Objective: To quantitate disease-specific hospital-based medical costs in 34 patients with chronic pancreatitis before and after treatment by either duodenal-preserving pancreatic head resection (DPPHR) or pylorus-preserving pancreaticoduodenectomy (PPPD).
Summary background data: Pancreatic head resection in selected patients with chronic pancreatitis provides pain relief and improves quality of life, but the effect on healthcare costs is unknown.
Methods: This observational cohort study comprised 34 selected patients with chronic pancreatitis followed up exclusively at the authors' institution treated by either DPPHR or PPPD between 1992 and 1997.
Results: Twenty-one patients had DPPHR and 13 had PPPD. Patients in the PPPD group were slightly older, but other clinical characteristics were similar. Before surgery, the mean number of admissions per patient per year, days in the hospital per patient per year, and disease-specific hospital-based medical costs per patient per year were not significantly different between groups. After surgery, those three variables were similar between the groups but significantly less than preoperative values. Pain control remained significantly improved after 36 months of follow-up.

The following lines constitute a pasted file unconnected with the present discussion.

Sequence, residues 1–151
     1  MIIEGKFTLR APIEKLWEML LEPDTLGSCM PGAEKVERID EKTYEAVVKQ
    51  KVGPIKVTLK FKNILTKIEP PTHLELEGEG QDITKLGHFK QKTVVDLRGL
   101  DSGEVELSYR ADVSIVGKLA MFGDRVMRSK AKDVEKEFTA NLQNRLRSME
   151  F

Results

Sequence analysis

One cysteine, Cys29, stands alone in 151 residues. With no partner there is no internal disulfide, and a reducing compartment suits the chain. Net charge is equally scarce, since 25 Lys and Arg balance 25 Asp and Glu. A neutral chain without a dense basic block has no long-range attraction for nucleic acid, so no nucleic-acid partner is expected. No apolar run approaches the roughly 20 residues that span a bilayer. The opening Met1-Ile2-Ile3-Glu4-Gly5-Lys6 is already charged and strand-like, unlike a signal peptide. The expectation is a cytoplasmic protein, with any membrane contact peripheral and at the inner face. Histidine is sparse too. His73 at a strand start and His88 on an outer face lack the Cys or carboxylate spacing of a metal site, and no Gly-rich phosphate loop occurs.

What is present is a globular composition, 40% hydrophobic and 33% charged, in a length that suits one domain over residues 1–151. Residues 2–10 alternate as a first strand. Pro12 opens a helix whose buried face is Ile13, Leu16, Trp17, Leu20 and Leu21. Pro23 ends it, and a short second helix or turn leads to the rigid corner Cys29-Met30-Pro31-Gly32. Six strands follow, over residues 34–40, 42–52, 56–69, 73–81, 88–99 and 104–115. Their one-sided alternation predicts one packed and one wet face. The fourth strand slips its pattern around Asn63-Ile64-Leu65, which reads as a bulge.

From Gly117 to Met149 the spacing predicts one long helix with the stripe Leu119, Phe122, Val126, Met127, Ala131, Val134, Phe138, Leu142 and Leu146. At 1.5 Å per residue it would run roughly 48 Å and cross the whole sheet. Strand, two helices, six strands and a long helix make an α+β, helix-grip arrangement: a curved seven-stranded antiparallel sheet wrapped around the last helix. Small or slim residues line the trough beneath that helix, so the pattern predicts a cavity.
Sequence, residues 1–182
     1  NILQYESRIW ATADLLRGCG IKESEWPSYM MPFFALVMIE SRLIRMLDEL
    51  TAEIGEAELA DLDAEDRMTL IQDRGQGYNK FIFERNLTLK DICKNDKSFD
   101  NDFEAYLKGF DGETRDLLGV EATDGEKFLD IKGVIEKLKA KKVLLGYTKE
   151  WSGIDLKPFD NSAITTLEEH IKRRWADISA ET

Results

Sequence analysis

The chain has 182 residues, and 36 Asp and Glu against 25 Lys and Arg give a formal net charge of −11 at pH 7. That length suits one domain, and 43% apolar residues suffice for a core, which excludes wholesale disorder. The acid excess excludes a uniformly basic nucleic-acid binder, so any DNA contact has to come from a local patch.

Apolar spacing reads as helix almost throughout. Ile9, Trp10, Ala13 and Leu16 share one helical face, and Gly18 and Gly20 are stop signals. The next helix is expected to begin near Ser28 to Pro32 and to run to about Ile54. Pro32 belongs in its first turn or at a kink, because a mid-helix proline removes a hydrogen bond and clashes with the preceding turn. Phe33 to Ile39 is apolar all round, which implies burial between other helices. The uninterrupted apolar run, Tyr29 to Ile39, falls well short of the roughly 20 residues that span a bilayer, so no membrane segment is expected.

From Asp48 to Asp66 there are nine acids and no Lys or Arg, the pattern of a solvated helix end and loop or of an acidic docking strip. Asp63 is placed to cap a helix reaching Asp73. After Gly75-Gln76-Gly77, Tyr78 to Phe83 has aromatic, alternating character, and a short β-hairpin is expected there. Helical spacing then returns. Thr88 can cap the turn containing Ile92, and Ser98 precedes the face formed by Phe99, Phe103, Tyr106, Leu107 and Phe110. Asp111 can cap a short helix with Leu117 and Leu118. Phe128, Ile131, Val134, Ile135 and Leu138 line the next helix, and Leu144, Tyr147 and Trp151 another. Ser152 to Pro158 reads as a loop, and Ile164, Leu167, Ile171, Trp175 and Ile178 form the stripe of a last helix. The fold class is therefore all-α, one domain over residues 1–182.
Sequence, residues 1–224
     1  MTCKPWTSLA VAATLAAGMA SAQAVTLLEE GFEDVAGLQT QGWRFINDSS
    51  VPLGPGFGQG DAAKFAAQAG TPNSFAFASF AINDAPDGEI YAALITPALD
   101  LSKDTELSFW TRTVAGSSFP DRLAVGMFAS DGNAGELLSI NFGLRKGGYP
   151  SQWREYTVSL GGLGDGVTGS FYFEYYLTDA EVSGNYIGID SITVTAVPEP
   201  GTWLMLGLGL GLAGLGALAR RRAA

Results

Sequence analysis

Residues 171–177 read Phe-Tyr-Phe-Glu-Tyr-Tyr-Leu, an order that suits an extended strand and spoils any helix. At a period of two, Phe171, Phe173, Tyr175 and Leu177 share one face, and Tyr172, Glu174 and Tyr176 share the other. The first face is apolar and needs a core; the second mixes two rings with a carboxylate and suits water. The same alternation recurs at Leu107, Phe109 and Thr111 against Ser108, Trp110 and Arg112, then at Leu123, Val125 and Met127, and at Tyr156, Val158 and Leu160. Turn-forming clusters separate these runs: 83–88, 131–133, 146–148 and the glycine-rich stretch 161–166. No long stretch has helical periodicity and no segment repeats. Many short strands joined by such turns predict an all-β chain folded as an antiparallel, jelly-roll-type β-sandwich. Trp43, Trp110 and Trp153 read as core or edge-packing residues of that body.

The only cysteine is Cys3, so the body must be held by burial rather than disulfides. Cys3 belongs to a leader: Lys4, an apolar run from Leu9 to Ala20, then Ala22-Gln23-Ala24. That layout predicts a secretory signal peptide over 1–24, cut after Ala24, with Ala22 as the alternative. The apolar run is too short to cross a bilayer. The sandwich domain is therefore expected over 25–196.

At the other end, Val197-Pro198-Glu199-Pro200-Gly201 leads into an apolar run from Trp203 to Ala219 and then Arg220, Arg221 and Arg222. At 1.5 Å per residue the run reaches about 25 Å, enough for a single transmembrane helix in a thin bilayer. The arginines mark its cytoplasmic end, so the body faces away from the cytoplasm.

Conclusions: In selected patients with chronic pancreatitis, DPPHR and PPPD are equally effective in providing long-term pain relief and decreasing disease-specific hospital-based costs.